Lissajous figures displayed on a CRT
The block diagram below illustrates the setup required to produce Lissajous figures on a TV or monitor Cathode Ray Tube (CRT). Firstly, connect the tube up so that a sharp spot can be achieved on the centre of the screen. If this spot is left stationary and bright for even a short period of time, the CRT phosphor will become burned and a small black spot will remain on the screen. The Line and Field coils are connected to amplifiers with inputs connected to signal generators. As the coils are inductive, field amplitude also will vary with frequency. This can be compensated for by adjusting the gain of the amplifiers.
With a colour CRT the red, green, and blue guns can be selected in any combination. In this set-up the purity is not correct and the individual colour can be seen to change over the screen.
More details on the circuit are shown at the bottom of this page. No components are criticle so there is plenty of scope for experimenting. However it is worth matching the Flyback transformer with the CRT used.
In image 1, below the exposure time, to take the picture, captured multiple images. In both images the frequency of the Line coil (X-axis) is twice the frequency of the Field coil (Y-axis). The image moves as the phases drift slowly as both frequencies are not precise multiples.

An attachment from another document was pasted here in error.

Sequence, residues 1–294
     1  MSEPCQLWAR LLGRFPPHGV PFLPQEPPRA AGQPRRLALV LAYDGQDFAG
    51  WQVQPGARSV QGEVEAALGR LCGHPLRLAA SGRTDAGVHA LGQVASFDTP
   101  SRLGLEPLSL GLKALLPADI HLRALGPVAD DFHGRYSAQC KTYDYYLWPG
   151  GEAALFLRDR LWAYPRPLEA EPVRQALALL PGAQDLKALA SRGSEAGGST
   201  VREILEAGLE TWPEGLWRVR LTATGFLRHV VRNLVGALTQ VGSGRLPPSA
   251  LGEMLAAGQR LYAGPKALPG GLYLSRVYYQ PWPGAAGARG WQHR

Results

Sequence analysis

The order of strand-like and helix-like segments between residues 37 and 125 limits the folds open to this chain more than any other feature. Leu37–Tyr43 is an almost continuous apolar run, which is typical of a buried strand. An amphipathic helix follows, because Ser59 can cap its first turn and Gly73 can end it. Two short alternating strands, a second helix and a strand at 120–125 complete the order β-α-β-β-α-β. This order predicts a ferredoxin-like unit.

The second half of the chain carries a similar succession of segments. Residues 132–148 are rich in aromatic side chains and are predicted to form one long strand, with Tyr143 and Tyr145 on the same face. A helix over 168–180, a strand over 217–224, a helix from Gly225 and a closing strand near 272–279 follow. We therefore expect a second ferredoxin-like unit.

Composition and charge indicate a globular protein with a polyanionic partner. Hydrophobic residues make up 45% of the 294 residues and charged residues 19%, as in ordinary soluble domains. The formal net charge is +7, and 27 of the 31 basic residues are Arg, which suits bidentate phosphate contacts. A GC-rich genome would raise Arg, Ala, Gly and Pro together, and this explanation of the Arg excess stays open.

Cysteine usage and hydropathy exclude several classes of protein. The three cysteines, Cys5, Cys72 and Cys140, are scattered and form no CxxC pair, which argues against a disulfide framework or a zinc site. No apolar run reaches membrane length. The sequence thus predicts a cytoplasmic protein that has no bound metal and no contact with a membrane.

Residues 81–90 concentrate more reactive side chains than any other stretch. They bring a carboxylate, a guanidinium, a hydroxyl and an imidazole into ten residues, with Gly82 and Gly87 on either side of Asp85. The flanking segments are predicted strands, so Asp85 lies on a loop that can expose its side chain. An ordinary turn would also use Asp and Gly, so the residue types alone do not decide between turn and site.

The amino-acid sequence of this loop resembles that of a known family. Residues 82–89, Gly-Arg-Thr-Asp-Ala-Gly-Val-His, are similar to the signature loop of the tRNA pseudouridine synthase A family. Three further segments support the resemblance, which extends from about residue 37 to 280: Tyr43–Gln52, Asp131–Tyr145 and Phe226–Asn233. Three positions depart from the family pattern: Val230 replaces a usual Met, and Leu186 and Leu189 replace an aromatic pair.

Can't be bothered setting up two signal generators? Not a problem, a short MP3 file can be down loaded from here. Nice to know that MP3 compression preserves the phase so it can be used for this purpose. The source starts with equal sine frequencies on both channels. It then changes to triangular and square. The square is not faithfully reproduced due to the input amp response, but the image is interesting all the same.
The file can be down loaded and played from a PC or MP3 player. The image can be displayed on an oscilloscope or amplified to drive deflection coils on a CRT. 'Click' on the noise icon below to start down load. Then simply connect the left and right channels to the X and Y scope inputs. Set the time base for external X input and set the volt/dev to about 0.1V. Then play the MP3.
The simple fixed oscillator is for convenience alternatively two adjustable oscillator circuit can be used. A different signal source can also be added at this point. I did think of adding a jack socket for an audio input.